Weapons Cache Unearthed in Turkish Coup Plot

A large cache of weapons, ammunition and bombs was found yesterday buried in Ankara’s Gölbaşı district as a result of a police search based on a map found in the home of İbrahim Şahin, a former head of the National Police Department’s Special Operations Unit. The operation was launched after Şahin recently ordered the assassination of non-Muslim minority leaders in Sivas.

Şahin was detained along with 36 others on Wednesday in the investigation into Ergenekon, a clandestine network of groups and individuals accused of trying to overthrow the government. Thirty types of explosives and bombs as well as two shoulder carried LAWs (light-anti tank weapon) were found buried in the ground. Newspapers wrapped around the weapons were from the year 2004, the police said. According to the initial official list, there were a large number of bullets for 9mm guns, two LAWs, 10 hand grenades whose serial numbers had been removed and 10 smoke bombs used in training with colored smoke. Another boxed explosive was found in the first phases of the excavation, the police said. There were also plastic explosives buried at the site. The materials found have yet to be examined thoroughly at a police crime lab.

The excavation of the site started on Thursday and continued until midday. The teams resumed digging on Friday and located the munitions. Excavations were also launched in the Bala, Mamak, Emek, Beştepe, Saklıbahçe and Atatürk Orman Çiftliği districts of the city, as well as in the city of Hatay, to locate more weapons possibly buried in these areas, based on evidence that emerged from investigations following Wednesday’s arrests.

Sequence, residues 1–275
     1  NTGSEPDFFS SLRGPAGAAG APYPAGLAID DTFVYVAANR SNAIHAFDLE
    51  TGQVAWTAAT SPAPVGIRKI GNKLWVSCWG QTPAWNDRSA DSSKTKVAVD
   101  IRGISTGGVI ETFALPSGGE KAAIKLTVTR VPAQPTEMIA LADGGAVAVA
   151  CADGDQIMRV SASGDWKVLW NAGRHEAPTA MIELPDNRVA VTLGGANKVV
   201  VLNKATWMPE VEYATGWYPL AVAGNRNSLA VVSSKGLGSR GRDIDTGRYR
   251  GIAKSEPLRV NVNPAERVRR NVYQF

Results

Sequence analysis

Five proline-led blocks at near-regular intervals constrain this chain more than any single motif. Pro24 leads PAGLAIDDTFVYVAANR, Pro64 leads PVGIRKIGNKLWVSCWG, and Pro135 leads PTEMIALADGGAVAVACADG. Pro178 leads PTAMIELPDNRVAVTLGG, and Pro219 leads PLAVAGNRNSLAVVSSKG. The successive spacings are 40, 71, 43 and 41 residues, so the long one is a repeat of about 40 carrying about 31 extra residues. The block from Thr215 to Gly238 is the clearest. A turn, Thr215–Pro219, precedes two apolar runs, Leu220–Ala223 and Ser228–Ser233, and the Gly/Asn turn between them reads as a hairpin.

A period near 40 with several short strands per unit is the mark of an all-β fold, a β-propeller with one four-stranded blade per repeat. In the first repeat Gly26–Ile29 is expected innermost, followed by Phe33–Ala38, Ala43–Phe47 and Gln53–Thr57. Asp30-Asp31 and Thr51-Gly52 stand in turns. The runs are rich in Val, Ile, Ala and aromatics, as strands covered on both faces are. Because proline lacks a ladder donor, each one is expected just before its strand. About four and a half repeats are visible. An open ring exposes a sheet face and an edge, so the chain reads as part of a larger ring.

The operation started when Şahin, whose phone conversations had been tapped by police for at least two months, recently gave the order to finalize plans to assassinate Armenian community members in the city of Sivas. Twelve others were detained in Sivas during Wednesday’s operation. Police also found evidence that the group was plotting to kill prominent figures including Prime Minister Recep Tayyip Erdoğan, Former Chief of General Staff Yaşar Büyükanıt, Police Department Intelligence Unit Chief Ramazan Akyürek, journalist Fehmi Koru, author Orhan Pamuk and some politicians, including members of the pro-Kurdish Democratic Society Party (DTP).

The fields brought to mind a large number of depots of NATO arms found buried during an investigation launched by Italian prosecutor Felice Casson, who discovered the existence of Operation Gladio, a NATO stay-behind paramilitary force left over from the Cold War. In a panel discussion he participated in in İstanbul last April, Casson said these weapons were found buried in cemeteries, under churches and even in caves. Ergenekon is also thought to be a remnant from the original Turkish Gladio, which was founded against a possible Soviet invasion during the Cold War, but later turned into an organization trying to cut off Turkey’s ties with the West. The retired generals arrested in the Ergenekon investigation seem to have an anti-European Union and anti-NATO stance favoring a closer relationship between Turkey and Russia and Eurasian nations.